Then a stalk grew up from one of the legs of the table. It wrapped tendrils around the USB plug, and a silver were descended to the terrace flags. The gleaming line leaped over the wall and sped out over the grass. Very quickly it had gone out over a nearby hill, and reappeared. The air was so clear that they could see it as it blossomed, miles away, into a cluster of silver towers, and then still farther, until it was only a pinprick, where it reached a river cascading down from the far mountains. A white fan of a dam spread out with great speed between the shoulders of two hills--
--and Jeanette’s phone lit up with a thin red line at one end of the picture of a battery.
“Well,” the capybara said.

“No ingratitude intended,” said Terence after a digestive rest, “But I think we would do well to find out more about the power of this place.”
The capybara took a small device out of his fur, and turned it over a couple of times. Then he pointed off towards a gentle rise to a promontory on the lake’s edge. “Whatever it is, the center is there.”
“Jeanette,” Terence said.
Jeanette had replaced her phone with her tablet, and was reading something. But she got up quickly, and they headed along the well-tended path.

At the promontory, what they saw was two long mounds of earth, the size of an adult human. They were obviously graves, though there were no headstones. Instead, from the head of one grew a bush heavily laden with roses, and from the other a scraggly briar. The two intertwined. On one bush, there hung a pair of opera-length white gloves, and on the other, a flared gauntlet pair. Terence and the capybara lowered their heads, but Jeanette walked forward and reached out her hand to touch the long white gloves.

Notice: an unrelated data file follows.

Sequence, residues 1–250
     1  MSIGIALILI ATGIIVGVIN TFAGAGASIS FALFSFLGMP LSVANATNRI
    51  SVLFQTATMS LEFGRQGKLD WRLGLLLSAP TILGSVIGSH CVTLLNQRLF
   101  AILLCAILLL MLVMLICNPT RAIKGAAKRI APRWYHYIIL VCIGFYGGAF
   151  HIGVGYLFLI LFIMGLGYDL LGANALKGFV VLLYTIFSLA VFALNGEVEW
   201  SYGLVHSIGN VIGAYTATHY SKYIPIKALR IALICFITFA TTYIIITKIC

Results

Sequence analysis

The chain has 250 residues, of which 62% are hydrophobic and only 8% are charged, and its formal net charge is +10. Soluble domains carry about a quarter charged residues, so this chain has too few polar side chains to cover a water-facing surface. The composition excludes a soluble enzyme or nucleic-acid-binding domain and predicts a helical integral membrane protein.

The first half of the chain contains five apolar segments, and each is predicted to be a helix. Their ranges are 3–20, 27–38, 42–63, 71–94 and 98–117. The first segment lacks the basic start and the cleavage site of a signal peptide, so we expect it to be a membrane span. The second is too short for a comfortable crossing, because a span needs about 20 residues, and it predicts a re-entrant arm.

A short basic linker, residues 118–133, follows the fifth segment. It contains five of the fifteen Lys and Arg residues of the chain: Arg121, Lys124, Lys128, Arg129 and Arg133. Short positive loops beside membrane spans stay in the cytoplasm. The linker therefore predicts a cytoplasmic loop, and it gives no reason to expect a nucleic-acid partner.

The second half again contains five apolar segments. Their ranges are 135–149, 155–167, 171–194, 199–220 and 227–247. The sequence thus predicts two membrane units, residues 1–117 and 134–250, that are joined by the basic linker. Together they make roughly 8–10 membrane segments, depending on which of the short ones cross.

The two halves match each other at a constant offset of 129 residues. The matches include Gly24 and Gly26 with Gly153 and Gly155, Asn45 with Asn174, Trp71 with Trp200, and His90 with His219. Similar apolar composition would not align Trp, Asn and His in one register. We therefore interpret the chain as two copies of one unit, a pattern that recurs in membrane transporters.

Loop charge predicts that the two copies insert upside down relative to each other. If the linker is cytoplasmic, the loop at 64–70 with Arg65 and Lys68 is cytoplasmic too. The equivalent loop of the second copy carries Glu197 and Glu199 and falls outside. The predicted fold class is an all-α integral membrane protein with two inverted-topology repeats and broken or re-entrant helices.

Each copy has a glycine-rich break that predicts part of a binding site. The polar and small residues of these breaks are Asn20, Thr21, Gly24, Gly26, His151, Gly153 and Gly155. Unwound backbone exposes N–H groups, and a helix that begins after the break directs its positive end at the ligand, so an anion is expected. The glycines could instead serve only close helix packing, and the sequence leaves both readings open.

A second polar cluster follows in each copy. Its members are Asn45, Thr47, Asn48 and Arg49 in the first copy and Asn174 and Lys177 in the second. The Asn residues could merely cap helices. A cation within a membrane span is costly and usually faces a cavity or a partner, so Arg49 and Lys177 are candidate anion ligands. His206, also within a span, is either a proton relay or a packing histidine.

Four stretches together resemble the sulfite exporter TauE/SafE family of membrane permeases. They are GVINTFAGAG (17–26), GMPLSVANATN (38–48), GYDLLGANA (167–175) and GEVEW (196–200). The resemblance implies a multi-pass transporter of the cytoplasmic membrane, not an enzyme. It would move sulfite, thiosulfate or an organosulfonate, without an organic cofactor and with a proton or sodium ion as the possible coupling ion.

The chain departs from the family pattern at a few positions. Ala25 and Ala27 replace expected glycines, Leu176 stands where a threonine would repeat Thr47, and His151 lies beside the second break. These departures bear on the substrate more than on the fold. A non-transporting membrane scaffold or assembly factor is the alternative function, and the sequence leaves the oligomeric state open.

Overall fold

She was greeted with a spark of lightning that caused her to stagger back three or four paces. “Those gloves are undoubtedly what’s powering this entire world,” Capoeira said. “All is revealed.”

Jeanette stared.

When the sun went down, and fireflies lit up the grass around the house, Terence followed Jeanette to the bedroom she had chosen. Jeanette stood before the bed, reluctant to move further. “We’ve made sure this isn’t the Queen--the Princess’s bed, and you haven’t slept in an awful long time. You need to.”
“I’m awfully tired, but…”
“What’s wrong?”
“This is all so beautiful--sad and beautiful. What if I wake up back in my own bed and find this was all a dream?”
“Well, I don’t know.”
“What kind of world is this where you have to have courage to go to sleep?” she whispered.
“But you have that courage, my darling daughter.” He kissed the top of her head.
“I love you, Dada,” Jeanette said, softer than a whisper. “No matter what.”

She got into bed, and the fireflies left the room and flew out over the lake.